Thursday, February 1, 2024

Unraveling the Wakefield Water Crisis - January 2024


Wakefield's original Post Office built in 1909. It was officially opened in 1910 and operated as such until its closure in 1990. Photo credit R. Therkleson.

"From Turbidity to Clarity: Navigating Wakefield's Water Challenge"


In the wake of an intense rainfall event on January 5, the tranquility of Wakefield was disrupted by an unexpected water crisis. Elevated turbidity levels triggered the shutdown of the Wakefield Water Treatment Plant, prompting swift responses from council staff and contractors. As the community grappled with muddy water concerns, the intricate network of water supply faced unprecedented challenges, leading to an intriguing series of events and responses.


In the aftermath of intense rainfall on January 5, the Wakefield community faced an unexpected water crisis when elevated turbidity levels triggered the shutdown of the Wakefield Water Treatment Plant. Council staff and contractors swiftly responded to the challenge, initiating emergency measures and launching investigations into the complex issue.

The Wakefield water supply, filtered through gravels from the Wai-iti River, flows through two infiltration galleries in the Treatment Plant before reaching the well. Unfortunately, the surge in turbidity, akin to muddy water, traversed this entire system, necessitating immediate action.

Wakefield residents, albeit understandably concerned, were urged to conserve water during this period. The community temporarily relied on treated water from the Brightwater supply, prompting a similar call for water conservation from Brightwater residents.

On January 8, an additional complication surfaced as a blue/white substance was discovered in the Wakefield Infiltration Gallery. Council statements highlighted a meticulous testing regime aimed at identifying 150 potential contaminants. Mike Schruer, Water and Wastes Manager, emphasised the importance of water-saving measures on January 10, particularly in Brightwater and Wakefield, acknowledging the localised supply issue unrelated to drought.

Facing capacity challenges even though water was already being supplemented by the Brightwater scheme and the Hope part of the scheme being supplied by the Richmond scheme. Compromised pumps and water capacity issues prompted Council to seek replacement equipment. By January 19, investigations pointed to naturally occurring Aluminium in silt as the likely cause of the issue. Council gradually restored the Wakefield Water Treatment Plant, ultimately lifting water restrictions on January 20.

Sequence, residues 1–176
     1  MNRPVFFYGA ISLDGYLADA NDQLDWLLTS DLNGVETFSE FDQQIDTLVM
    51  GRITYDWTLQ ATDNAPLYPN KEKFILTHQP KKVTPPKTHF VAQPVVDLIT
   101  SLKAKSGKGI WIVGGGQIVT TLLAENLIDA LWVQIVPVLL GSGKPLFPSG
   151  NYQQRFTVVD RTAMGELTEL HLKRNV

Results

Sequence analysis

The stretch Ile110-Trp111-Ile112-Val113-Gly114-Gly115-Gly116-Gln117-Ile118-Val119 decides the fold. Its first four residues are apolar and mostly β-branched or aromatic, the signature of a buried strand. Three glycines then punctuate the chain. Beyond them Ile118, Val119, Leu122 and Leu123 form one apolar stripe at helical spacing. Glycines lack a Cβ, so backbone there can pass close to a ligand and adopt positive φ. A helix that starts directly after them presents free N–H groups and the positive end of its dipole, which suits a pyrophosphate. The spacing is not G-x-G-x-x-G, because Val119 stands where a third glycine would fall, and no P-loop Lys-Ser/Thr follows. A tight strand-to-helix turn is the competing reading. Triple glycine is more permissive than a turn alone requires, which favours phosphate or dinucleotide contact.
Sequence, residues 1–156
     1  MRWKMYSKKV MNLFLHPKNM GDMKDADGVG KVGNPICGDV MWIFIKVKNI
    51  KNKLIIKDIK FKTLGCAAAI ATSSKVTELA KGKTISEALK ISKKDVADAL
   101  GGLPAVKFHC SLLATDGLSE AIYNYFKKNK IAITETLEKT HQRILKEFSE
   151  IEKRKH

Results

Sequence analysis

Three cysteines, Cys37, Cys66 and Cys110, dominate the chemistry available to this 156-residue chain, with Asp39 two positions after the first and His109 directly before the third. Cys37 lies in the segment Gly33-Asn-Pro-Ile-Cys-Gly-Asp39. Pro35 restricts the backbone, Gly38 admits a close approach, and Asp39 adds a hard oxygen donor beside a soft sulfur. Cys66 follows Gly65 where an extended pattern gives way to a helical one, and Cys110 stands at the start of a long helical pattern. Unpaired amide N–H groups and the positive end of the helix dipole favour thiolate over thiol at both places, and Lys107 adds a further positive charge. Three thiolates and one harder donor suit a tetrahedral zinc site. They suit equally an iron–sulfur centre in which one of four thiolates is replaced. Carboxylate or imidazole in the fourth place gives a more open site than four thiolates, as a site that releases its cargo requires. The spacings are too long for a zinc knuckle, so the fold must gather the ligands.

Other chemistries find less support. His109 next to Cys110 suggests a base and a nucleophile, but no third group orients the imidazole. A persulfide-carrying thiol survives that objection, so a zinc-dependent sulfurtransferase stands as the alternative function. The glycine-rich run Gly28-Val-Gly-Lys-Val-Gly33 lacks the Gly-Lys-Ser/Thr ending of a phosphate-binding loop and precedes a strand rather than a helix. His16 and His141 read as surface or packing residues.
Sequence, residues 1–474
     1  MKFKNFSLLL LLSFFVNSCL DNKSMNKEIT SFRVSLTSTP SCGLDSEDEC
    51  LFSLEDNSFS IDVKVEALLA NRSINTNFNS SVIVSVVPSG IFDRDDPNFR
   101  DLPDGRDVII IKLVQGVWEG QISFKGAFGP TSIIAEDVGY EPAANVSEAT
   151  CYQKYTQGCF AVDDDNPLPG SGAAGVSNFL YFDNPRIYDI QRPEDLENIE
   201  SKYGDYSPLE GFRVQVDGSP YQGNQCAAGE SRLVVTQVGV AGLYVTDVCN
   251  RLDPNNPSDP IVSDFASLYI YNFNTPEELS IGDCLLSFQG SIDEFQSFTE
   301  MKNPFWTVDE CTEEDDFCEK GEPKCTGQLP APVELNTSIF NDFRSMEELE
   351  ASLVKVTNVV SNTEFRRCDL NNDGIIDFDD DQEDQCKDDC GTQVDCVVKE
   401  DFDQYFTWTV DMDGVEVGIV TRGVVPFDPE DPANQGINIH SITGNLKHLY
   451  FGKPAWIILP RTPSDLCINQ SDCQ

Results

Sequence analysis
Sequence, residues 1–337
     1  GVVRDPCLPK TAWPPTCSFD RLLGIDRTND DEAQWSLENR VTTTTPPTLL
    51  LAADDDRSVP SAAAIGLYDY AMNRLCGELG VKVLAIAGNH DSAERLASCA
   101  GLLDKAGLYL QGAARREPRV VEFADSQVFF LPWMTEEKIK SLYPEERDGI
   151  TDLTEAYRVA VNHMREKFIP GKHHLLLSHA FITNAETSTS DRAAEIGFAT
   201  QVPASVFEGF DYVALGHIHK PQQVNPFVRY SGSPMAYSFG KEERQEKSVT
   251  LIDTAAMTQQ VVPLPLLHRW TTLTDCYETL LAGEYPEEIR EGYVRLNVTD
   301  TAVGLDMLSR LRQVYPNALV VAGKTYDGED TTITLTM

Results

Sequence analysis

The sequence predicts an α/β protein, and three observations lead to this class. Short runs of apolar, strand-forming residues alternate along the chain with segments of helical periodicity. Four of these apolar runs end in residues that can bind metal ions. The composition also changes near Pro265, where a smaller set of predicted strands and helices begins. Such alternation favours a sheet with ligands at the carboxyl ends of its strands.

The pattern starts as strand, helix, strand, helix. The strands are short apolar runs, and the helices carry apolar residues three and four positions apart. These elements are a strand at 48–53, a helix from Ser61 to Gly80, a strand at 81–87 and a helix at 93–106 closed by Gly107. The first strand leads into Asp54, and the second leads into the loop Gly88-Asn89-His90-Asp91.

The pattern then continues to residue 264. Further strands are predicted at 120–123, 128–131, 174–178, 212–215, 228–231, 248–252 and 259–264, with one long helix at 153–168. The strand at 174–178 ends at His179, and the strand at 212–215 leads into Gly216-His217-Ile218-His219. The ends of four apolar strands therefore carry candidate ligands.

On January 12, Council's statement indicated that urgent analysis of taken samples was underway, with results expected the following week. However, by January 18, Council's water pumps were strained, overheating two out of three pumps, leading to a request for residents to restrict water use to essential needs.

Fortunately, amid the crisis, test results for the blue/white substance came back clear, allowing Council to initiate the reopening of the Wakefield Water Treatment Plant and restore the network to its original system. The subsequent announcement on January 20 declared the lifting of large-scale water restrictions on Wakefield and Brightwater residents, transitioning to Phase B.

Questions put to Waters and Wastes Manager Mike Schruer and his Answers:

I asked Tasman District Council Waters and Wastes Manager Mike Schruer some questions in relation to the water issues in Wakefield to try and obtain a deeper understanding of what occurred.

These questions aimed to uncover more detailed information about the incident, addressing aspects such as water quality assurance, infrastructure history, community involvement, environmental impact, contingency planning, communication strategies, public health monitoring, and collaboration

1.           Water Quality Assurance:


Can the Council provide specific details about the unknown blue/white substance, its origin, and any potential health implications associated with it?


“Evidence is pointing towards the discolouration being caused by naturally occurring Aluminium in silt that appears to have entered the groundwater following the very heavy rainfall that occurred just prior to the event. Testing results showed no health-significant contaminants, but Aluminium was at 0.38ppm. The Maximum Allowable health level for aluminium in drinking water is 1ppm however above 0.1ppm, discolouration may occur.”

2.           Investigation Process:


Can the Council provide insights into the ongoing     investigation process regarding the blue/white substance?


“Council is testing further samples from the well for Aluminium, now that it is back in production, along with samples taken from nearby surface water streams. Quality results will be compared which may allow more definitive conclusions to be drawn as to the origin of the temporary discolouration. Assuming that silt associated with high rainfall was the cause, it will not be possible to prevent a recurrence in the same or similar circumstances. Medium-term, the current Wakefield source waters will be replaced by a deeper and more resilient bore field at Clover Road. In what is known as the Waimea Plains Water Plan, this new bore field will supply the Brightwater, Wakefield and Eighty Eight Valley schemes.”